"He's made it very clear that he doesn't want to have any association or affiliation with 'Watchmen' ongoing and that we not use his name to get people to watch it," Lindelof says of Moore.
It's no surprise or shock to anyone who's followed Alan Moore's career as a comic book writer that he would disavow and distance himself as much as possible from Damon Lindelof's upcoming HBO adaptation of his seminal "Watchmen" series, including Lindelof himself.
Nevertheless, the showrunner is forging full steam ahead with a heart "f--k you!" to Moore. He shared the expletive expression with reports at the Television Critics Association on Wednesday, but it wasn't meant necessarily as a dig to Moore, but rather a strange sort of tribute.
"Alan Moore is a genius, in my opinion, the greatest writer in the comic medium and maybe the greatest writer of all time," Lindelof said. "He's made it very clear that he doesn't want to have any association or affiliation with 'Watchmen' ongoing and that we not use his name to get people to watch it, which I want to respect."
And yet, he also says it's been "an ongoing wrestling match," per Entertainment Weekly. He made "personal overtures" to the famously reclusive author in an effort to elicit his support for this latest adaptation of Moore's series with artist David Gibbons, but to no avail.
And yet, in Moore's very refusal to be involved or throw his support behind Lindelof's latest television project, the "Lost" co-creator has found a strange motivation to forge ahead.
"I do feel like the spirit of Alan Moore is a punk rock spirit, a rebellious spirit, and that if you would tell Alan Moore, a teenage Moore in '85 or '86, 'You're not allowed to do this because Superman's creator or Swamp Thing's creator doesn't want you to do it,' he would say, 'F--k you, I'm doing it anyway,'" Lindelof explained. "So I'm channeling the spirit of Alan Moore to tell Alan Moore, 'F--k you, I'm doing it anyway.'"
Lindelof also admitted to his own trepidation at playing in one of his hero's sandboxes. "I went through a very intense period of terror of f--ing it up. I'm not entirely sure I'm out of that tunnel. But I have a tremendous amount of respect for this. I had to separate myself a little bit from this incredible reverence to take risks."
Described by many as the greatest superhero comic book series of all time, "Watchmen" explores an alternate reality where superheroes have existed since the 1940s in a world tilting toward World War III in the mid-1980s.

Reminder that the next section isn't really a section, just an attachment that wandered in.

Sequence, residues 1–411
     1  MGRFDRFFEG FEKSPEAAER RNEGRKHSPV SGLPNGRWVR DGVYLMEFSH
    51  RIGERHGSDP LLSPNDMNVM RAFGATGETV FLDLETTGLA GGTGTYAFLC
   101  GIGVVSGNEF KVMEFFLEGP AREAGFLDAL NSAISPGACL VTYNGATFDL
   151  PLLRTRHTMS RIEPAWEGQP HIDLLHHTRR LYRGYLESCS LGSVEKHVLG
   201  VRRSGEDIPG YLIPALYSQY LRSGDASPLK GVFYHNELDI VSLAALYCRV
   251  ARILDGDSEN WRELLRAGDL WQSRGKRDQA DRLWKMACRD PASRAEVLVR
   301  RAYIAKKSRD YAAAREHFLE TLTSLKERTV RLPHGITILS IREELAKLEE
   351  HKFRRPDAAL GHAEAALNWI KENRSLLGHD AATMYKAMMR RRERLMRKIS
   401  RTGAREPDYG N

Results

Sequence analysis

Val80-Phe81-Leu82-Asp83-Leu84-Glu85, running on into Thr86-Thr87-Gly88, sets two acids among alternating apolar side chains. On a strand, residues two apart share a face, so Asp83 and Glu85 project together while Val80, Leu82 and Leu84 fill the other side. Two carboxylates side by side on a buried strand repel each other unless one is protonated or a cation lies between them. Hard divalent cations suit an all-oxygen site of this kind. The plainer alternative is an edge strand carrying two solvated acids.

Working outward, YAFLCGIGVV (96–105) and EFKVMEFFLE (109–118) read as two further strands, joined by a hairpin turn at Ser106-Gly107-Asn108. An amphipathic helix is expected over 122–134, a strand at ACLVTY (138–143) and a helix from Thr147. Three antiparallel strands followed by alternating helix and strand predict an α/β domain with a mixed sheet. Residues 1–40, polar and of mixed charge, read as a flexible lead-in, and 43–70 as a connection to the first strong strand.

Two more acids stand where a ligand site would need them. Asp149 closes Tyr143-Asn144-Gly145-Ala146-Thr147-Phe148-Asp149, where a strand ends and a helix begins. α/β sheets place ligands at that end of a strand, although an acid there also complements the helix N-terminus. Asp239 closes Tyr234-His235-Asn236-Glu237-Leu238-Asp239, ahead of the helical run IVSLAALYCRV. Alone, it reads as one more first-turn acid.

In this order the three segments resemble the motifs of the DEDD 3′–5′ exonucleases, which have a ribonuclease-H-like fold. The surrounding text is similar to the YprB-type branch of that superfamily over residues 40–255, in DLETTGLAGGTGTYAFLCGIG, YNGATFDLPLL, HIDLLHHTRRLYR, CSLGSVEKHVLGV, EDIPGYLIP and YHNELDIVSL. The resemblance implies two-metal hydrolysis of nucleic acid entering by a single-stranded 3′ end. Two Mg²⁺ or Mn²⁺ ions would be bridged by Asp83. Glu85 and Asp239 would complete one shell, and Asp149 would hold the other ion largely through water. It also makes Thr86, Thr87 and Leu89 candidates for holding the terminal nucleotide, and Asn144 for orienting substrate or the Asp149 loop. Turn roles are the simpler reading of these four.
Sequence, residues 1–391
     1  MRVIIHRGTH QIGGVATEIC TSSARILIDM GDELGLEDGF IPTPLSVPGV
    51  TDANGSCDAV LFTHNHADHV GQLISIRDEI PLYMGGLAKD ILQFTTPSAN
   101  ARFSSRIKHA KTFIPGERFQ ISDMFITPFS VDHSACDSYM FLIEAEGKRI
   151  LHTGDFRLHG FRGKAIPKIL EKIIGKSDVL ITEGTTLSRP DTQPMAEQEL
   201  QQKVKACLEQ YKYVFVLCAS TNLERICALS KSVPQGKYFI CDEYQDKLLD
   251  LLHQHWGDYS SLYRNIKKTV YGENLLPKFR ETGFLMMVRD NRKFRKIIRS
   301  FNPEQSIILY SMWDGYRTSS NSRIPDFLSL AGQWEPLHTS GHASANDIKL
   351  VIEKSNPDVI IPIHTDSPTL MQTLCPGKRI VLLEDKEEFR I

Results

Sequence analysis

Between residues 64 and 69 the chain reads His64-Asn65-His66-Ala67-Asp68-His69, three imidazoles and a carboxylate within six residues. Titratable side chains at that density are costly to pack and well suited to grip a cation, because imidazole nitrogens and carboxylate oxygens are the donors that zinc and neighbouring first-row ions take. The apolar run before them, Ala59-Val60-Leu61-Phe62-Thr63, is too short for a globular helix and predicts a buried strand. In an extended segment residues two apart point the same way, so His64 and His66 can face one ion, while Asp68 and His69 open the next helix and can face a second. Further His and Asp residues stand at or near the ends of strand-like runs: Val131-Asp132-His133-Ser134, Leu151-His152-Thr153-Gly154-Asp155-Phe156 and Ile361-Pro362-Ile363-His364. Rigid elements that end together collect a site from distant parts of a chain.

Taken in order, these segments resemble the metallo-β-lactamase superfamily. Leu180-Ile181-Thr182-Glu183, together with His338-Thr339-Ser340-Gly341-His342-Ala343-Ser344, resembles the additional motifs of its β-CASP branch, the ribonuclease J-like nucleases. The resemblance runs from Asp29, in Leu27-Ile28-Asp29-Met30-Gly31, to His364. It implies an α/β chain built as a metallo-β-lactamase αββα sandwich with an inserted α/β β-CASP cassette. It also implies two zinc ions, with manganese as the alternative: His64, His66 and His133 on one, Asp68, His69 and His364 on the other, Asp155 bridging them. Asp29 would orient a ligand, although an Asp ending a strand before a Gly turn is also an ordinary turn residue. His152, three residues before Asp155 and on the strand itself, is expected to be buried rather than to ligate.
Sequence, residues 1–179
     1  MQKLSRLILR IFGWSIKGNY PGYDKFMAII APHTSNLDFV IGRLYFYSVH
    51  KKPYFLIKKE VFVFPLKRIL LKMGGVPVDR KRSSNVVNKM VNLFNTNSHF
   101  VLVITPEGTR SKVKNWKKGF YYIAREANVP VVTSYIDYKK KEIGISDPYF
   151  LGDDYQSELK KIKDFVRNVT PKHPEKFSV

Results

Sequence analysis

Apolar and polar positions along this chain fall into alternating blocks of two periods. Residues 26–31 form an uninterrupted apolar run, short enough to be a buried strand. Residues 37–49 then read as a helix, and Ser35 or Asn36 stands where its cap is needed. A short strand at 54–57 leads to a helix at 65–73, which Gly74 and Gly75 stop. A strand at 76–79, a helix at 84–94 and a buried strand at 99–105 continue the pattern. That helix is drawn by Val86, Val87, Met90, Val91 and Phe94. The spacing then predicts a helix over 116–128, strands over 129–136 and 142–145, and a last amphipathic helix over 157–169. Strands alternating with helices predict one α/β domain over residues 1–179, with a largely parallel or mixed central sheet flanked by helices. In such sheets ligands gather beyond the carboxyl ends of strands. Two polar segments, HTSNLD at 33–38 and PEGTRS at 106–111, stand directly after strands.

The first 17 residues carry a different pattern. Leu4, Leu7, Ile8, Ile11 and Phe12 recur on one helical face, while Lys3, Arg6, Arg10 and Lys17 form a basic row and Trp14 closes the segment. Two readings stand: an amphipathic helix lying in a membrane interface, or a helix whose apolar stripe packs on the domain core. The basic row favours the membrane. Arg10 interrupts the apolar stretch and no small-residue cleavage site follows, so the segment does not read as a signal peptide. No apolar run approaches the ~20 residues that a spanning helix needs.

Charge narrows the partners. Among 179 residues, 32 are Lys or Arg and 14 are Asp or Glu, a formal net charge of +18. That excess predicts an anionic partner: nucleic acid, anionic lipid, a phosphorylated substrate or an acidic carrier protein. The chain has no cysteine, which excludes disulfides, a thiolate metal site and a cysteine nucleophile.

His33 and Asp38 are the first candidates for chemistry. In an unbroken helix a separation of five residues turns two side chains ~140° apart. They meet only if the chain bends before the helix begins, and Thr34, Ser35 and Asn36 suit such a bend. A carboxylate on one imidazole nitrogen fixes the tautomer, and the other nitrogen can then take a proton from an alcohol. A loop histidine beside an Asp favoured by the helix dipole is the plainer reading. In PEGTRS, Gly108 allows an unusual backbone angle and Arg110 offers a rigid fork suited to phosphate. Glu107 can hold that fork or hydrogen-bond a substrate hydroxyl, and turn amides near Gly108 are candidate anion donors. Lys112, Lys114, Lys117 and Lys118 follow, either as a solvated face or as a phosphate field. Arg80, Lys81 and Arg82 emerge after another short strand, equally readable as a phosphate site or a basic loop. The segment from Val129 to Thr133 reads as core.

Lindelof's story shifts the action to the present day in a world where vigilantism is outlawed, but it is a world built on Moore's original series. "Everything that happened in those 12 issues could not be messed with. We were married to it. There is no rebooting it," Lindelof insisted.
Rather, Lindelof is building on it and like the original, he is exploring some of the biggest political and social issues of today. "What in 2019 is the equivalent of the nuclear standoff between the Americans and the Russians?" he asked. "It is race and the police."
But he also admitted "there is no defeating white supremacy -- it's not going away, admitting that his show will offer no "easy answers and grandiose solutions."
Moore broke into the American comic book industry in a huge way in the 1980s, deconstructing DC's "Swamp Thing" series, offering what many consider to be the best "last story" ever written for Superman in "Whatever Happened to the Man of Tomorrow?" and redefining the Joker with what some consider his most definitive origin in "Batman: The Killing Joke."
Several of his projects have received the big-screen treatment, including "Watchmen" a decade ago, as well as "The League of Extraordinary Gentlemen," "V for Vendetta" and "From Hell," and Moore has effectively despised and attempted to distance himself from every one of them. This latest adaptation looks to be no different, despite Lindelof's wishes.
The television adaptation of Alan Moore and Dave Gibbons' "Watchmen" is set to premiere on HBO in October.